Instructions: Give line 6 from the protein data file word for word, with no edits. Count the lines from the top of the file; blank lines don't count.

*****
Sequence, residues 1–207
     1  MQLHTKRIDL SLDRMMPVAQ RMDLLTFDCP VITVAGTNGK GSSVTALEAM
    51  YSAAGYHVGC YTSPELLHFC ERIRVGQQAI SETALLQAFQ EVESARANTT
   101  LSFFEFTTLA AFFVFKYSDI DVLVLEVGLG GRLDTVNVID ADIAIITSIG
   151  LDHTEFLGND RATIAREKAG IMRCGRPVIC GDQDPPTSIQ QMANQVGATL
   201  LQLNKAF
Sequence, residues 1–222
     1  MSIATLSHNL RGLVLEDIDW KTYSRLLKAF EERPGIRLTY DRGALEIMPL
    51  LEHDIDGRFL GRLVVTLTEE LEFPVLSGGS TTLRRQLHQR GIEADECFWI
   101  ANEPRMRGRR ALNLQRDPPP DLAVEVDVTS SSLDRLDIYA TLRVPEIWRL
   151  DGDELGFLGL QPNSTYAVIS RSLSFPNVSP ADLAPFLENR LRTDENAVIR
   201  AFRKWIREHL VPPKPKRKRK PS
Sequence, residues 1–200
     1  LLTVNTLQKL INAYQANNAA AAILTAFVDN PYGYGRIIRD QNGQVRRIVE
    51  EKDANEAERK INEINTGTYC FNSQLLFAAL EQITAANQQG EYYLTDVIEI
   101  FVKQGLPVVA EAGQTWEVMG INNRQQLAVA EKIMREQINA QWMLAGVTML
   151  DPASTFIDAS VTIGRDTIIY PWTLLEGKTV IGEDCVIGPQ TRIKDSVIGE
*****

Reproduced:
   201  LQLNKAF